He says he shared a cell with 10 other TB patients, and they were otherwise indistinguishable from other inmates who had committed more serious crimes.

“The only difference was that unlike the other prisoners, we were given porridge early in the morning before taking our drugs. Nothing more,” Wanjohi said. Their drugs could not be taken on an empty stomach.

“Everything else was just as the other criminals who were in jail,” he said.

Wanjohi described how he would wake as early as 4 a.m., when all the prisoners woke up, take a cold bath and wait for his porridge at 6 a.m. “As soon as I finished the porridge, I would head straight to the room where the prison warden gave us the drugs. A slight delay or failure meant a thorough beating with the cane,” he said.

“We would then sit and wait for lunch, sit and wait for dinner, then sleep,” he said, adding that his movements were limited to isolation zones.

David King’oo, deputy commissioner of Kenya’s prisons, said that although there was no special treatment for the prisoners, no TB patient was subjected to harassment or mistreatment while in isolation.

He added that waking early is normal for everyone in prison, “but there was no beating.”

“Just like any other prisoner, the patients were to follow the strict rules like taking their drugs on time and doing the right thing at the right time,” King’oo said. “The prisons didn’t have a budget to handle the cases of TB patients, and therefore it was not possible to have a special diet for them.”

After his release in January 2016, Wanjohe found it difficult to pick up his old life.

“No one back at home believed that I was imprisoned for just not taking my TB drugs,” he said. “To date, they still doubt it, which has elicited all sorts of rumors about me in the village.”

Wanjohe has been unemployed since his release and relies on his mother to survive, he said.

Serving more than your times

Elisha Njoroge, 34, from the town of Mwea in central Kenya, was imprisoned for defaulting on his TB treatment in 2015 and served a full two-year sentence.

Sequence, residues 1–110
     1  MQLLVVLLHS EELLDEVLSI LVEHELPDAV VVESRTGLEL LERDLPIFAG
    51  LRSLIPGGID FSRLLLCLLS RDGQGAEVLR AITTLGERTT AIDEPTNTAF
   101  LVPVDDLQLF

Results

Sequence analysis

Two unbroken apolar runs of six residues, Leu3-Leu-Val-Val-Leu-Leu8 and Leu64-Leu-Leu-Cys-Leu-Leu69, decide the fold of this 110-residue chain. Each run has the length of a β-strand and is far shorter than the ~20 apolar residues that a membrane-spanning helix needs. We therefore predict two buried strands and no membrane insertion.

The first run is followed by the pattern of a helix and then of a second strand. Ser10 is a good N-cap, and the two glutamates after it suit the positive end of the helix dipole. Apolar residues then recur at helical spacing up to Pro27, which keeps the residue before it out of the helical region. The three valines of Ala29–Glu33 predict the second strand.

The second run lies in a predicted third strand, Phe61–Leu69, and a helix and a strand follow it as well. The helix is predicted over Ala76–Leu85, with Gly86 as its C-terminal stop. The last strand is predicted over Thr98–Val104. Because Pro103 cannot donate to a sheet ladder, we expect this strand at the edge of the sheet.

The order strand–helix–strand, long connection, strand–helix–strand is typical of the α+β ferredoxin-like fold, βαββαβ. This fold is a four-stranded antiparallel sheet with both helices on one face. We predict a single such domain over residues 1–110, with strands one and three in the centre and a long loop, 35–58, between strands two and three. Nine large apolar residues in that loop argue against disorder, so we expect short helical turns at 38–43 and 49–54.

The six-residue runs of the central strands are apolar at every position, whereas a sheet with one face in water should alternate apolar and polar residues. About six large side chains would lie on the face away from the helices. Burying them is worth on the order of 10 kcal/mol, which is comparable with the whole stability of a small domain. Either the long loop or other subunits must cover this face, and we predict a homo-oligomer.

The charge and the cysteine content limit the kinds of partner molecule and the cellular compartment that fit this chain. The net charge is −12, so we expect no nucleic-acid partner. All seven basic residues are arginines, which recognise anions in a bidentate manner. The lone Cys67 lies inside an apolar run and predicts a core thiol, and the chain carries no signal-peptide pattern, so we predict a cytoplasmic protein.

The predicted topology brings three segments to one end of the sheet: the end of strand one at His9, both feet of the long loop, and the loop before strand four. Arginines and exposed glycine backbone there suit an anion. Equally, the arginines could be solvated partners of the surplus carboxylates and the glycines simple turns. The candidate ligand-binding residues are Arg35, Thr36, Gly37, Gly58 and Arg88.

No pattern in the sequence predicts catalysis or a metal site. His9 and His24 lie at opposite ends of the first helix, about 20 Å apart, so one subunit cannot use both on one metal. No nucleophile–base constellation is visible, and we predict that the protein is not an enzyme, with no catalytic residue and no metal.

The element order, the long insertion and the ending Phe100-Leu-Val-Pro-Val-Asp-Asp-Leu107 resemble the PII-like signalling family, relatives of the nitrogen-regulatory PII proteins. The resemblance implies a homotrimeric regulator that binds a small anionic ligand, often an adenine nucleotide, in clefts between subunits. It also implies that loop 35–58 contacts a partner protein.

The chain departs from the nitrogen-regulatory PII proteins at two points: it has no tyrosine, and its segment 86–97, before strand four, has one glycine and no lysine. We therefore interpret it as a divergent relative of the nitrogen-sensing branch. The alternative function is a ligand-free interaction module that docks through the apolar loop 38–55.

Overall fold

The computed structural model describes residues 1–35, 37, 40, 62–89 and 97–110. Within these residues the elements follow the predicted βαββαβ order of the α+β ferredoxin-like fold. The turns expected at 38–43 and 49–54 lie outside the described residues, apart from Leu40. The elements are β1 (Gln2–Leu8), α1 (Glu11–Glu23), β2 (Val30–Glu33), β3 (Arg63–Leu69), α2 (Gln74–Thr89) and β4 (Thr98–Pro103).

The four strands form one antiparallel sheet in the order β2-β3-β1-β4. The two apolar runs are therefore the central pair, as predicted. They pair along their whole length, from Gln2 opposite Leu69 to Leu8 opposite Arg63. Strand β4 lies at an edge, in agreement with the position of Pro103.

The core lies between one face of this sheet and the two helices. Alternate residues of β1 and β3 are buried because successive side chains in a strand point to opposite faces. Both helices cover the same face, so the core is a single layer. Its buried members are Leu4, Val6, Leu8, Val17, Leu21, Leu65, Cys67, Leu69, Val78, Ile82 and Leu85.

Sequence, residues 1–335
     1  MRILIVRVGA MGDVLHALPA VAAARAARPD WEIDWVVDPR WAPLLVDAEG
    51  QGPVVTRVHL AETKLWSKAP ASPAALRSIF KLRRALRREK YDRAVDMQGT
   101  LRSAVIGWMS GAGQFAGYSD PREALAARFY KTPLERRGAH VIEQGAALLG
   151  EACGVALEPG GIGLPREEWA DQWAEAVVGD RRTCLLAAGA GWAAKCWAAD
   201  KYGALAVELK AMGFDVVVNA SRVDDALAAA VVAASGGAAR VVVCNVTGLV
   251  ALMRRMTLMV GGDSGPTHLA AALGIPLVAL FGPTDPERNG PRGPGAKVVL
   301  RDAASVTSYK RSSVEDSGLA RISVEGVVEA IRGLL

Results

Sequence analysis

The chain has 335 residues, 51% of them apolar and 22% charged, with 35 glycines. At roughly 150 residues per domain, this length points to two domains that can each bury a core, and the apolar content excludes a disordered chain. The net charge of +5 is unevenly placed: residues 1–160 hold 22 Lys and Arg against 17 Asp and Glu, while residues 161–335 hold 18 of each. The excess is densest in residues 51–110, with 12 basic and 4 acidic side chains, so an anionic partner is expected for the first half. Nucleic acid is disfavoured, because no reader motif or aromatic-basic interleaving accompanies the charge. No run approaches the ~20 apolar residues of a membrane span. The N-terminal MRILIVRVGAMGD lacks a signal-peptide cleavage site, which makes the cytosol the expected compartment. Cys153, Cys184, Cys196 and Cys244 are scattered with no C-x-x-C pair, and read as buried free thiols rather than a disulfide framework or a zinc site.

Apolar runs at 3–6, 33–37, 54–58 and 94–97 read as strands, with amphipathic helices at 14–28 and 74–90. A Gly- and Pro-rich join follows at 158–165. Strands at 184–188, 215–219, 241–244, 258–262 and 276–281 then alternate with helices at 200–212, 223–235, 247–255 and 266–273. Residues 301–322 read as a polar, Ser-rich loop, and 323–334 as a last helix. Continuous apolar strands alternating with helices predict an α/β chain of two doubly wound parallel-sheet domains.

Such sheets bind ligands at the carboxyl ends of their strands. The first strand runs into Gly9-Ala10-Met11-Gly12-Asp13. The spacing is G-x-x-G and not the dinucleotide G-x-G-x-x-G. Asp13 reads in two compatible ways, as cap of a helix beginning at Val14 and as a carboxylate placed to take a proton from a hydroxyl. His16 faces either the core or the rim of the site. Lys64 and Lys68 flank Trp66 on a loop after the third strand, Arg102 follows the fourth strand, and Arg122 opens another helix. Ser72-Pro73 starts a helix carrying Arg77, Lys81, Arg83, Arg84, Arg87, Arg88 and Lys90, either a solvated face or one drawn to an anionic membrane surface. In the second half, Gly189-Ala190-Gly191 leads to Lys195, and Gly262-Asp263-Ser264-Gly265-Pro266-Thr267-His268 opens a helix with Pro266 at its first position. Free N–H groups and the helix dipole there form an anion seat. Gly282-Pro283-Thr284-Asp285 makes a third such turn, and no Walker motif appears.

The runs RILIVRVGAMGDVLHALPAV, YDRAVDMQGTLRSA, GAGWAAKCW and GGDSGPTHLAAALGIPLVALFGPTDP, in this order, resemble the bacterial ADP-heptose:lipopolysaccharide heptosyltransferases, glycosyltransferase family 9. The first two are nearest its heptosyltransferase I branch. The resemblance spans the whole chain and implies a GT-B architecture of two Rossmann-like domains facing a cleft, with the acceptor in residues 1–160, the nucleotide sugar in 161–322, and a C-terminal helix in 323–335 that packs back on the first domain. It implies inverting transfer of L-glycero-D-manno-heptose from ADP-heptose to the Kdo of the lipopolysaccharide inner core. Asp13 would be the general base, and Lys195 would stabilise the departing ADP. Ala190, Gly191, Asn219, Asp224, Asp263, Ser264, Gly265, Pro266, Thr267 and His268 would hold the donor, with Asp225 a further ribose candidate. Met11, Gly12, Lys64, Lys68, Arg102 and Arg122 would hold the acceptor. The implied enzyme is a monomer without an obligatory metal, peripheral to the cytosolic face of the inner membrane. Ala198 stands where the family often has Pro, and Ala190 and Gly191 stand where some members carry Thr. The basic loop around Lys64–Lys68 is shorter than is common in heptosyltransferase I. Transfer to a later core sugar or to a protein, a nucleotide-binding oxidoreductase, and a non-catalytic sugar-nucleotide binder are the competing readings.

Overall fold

Njoroge’s father and brother died of TB two and three years before he was sentenced. He said he was diagnosed with multidrug-resistant TB in 2014 and put on a 20-month treatment plan. But nine months in, he was involved in a road accident and soon stopped taking his drugs.

Elisha Njoroge, 34, was imprisoned for two years in Mwea Prison.

“I lost my memory and forgot to take my drugs for two weeks,” the 34-year old public transport driver said.

“I was then arrested and taken to jail by the health officials, and the magistrate sentenced me to two years in jail for defaulting on my treatment.”

His sentence in Mwea Prison was longer than his remaining treatment term, with the magistrate saying he was to serve more months as discipline, he said. He was released in June 2016.

Njoroge was almost finished with his treatment before he defaulted, and at that time, anyone who defaulted on medication was to be imprisoned for two years, said Franklin Mwenda, a health officer at Kerugoya Medical Center and former health officer in charge of TB in Kirinyaga County.

“Though it is not anywhere in the law, that was the minimal time they were to be in jail, because within two years the patients will have successfully finished their treatment,” Mwenda said.

Mark Ambundo, a medical officer and warden at Mwea Prison, said it had an isolation unit with 20 rooms for patients to be quarantined.

But Wnajohi and Njorage’s reports suggest otherwise, with them claiming that many shared one cell.

The isolation unit within Mwea Prison where TB defaulters were held until they finished their treatment.

Ambundo, who does not believe that patients should be in prison, insists that at no point did patients share a room.

“Their movement was limited because of the risk of their disease,” he said. “Other than taking drugs under supervision, we would ensure that the patients are observing precautionary measures like wearing masks to avoid the spread of the disease to others.”